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Research Coins: Electronic Auction

 
3520447
352, Lot: 447. Estimate $100.
Sold for $75. This amount does not include the buyer’s fee.

Septimius Severus. AD 193-211. AR Denarius (19mm, 3.18 g, 6h). Rome mint. Struck late AD 203. Laureate head right / The Dea Caelestis riding right on lion, her head facing, holding thunderbolt and scepter; below, water gushing from rocks on left. RIC IV 266; RSC 222. VF, toned, small flan crack.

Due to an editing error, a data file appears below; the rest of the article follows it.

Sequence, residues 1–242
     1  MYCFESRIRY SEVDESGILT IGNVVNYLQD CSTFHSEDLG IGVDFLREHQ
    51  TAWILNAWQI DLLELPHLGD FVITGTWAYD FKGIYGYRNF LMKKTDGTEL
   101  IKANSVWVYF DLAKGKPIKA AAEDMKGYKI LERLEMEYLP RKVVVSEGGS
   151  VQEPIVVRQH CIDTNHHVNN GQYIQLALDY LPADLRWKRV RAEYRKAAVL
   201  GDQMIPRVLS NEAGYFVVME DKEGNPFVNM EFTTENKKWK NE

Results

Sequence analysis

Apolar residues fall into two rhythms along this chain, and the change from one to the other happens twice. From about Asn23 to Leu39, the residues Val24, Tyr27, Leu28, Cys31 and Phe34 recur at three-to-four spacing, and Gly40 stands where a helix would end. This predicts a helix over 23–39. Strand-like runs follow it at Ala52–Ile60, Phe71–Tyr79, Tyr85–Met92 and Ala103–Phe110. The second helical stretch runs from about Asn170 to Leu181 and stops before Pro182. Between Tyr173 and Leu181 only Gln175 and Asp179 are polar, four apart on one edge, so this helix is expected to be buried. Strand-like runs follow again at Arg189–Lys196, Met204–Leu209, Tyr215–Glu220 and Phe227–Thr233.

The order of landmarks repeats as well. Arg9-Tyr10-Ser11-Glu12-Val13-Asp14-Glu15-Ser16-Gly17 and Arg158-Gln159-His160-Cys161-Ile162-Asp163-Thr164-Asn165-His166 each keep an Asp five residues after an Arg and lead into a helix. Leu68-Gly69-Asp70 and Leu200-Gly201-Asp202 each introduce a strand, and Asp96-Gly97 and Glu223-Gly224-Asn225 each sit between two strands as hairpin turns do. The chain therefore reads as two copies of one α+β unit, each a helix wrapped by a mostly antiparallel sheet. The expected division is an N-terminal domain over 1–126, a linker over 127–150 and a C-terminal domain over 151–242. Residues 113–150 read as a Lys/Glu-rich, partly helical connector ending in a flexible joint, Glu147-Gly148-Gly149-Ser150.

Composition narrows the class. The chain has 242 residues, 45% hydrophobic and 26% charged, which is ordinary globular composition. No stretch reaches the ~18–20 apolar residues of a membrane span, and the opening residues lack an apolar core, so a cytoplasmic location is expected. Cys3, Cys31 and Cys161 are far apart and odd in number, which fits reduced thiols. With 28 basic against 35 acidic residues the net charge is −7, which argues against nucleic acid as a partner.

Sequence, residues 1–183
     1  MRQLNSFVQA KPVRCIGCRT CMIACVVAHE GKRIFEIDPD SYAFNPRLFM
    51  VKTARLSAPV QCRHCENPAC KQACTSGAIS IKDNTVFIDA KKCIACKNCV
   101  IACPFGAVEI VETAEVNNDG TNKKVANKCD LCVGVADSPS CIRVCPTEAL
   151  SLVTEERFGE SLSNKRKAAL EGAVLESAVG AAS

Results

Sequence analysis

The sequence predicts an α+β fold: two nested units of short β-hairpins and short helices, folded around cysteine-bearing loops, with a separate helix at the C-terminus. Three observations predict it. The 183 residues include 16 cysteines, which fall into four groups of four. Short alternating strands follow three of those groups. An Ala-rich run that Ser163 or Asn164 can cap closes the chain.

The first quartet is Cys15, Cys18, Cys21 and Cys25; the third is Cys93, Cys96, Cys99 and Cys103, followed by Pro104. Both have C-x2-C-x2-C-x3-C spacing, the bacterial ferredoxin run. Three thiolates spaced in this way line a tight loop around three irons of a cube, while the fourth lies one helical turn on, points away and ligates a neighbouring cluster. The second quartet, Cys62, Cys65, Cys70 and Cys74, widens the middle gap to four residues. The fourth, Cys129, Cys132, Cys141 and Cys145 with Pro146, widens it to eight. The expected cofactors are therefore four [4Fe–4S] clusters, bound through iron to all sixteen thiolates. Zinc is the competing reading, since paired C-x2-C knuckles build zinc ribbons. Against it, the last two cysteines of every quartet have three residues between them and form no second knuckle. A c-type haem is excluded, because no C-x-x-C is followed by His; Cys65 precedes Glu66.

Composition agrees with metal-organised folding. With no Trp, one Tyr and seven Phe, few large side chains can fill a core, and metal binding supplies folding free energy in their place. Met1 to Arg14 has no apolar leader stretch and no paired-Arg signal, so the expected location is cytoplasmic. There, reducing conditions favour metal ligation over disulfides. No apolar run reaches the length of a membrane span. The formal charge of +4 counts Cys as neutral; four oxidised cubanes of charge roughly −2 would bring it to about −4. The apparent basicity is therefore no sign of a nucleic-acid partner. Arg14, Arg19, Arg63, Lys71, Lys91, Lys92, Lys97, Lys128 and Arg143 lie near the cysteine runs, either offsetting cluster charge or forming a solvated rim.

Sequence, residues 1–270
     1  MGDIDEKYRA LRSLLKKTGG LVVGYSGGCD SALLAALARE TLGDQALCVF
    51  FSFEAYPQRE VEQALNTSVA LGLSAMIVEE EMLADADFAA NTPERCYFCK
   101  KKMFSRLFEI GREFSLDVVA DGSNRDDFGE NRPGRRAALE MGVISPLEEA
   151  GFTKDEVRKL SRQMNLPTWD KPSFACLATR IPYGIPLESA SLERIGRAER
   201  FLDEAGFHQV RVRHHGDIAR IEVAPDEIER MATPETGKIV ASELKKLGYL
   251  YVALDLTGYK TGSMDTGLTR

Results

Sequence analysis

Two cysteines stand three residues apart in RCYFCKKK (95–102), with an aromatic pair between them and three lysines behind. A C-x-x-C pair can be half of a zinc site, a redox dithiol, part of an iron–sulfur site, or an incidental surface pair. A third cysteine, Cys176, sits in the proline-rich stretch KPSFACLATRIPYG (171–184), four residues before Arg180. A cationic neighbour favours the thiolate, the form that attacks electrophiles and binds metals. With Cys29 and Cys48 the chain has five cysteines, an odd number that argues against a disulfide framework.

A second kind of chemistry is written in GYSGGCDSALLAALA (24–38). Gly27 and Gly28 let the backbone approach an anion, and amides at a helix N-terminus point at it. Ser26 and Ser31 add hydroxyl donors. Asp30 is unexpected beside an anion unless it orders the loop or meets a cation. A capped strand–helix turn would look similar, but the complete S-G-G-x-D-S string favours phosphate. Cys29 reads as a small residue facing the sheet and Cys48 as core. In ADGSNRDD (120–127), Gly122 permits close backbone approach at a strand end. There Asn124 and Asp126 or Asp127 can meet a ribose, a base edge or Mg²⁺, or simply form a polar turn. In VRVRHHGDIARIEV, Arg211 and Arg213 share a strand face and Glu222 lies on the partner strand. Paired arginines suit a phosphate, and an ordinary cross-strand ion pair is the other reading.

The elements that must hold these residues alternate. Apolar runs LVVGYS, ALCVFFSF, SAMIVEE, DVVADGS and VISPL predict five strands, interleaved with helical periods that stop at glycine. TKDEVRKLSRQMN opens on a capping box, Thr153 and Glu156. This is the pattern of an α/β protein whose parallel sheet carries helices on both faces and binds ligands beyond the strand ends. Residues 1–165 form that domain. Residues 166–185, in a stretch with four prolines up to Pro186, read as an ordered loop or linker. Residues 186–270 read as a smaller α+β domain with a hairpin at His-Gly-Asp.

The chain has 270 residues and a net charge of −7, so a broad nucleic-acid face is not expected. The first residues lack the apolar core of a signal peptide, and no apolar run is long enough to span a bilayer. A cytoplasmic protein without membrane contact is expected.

The INDVLGENTIA type of Septimius is one of the most picturesque and also one of the most common (in silver) of the period. Most people do not realize, however, that there are four distinct reverse types: 1) Dea Caelestis, looking to front, riding a lion leaping to the right, holding a thunderbolt and scepter; 2) Dea Caelestis, looking right, riding a lion leaping to the right, holding a thunderbolt and scepter; 3) Dea Caelestis, looking to front, riding a lion leaping to the right, holding a drum and scepter; 4) Dea Caelestis, looking front, riding a lion leaping to the right, holding a drum, no scepter. The first two varieties are the most common. The third variety is very rare. The last variety is extremely rare. Similar types were also struck in the name of Caracalla in AD 203. Interestingly, the direction of the deity's head appears to have a chronological significance. An examination of the dated bronze and gold reveals that the examples with the facing deity were struck late in 203, while those with the right facing deity were struck early in 204.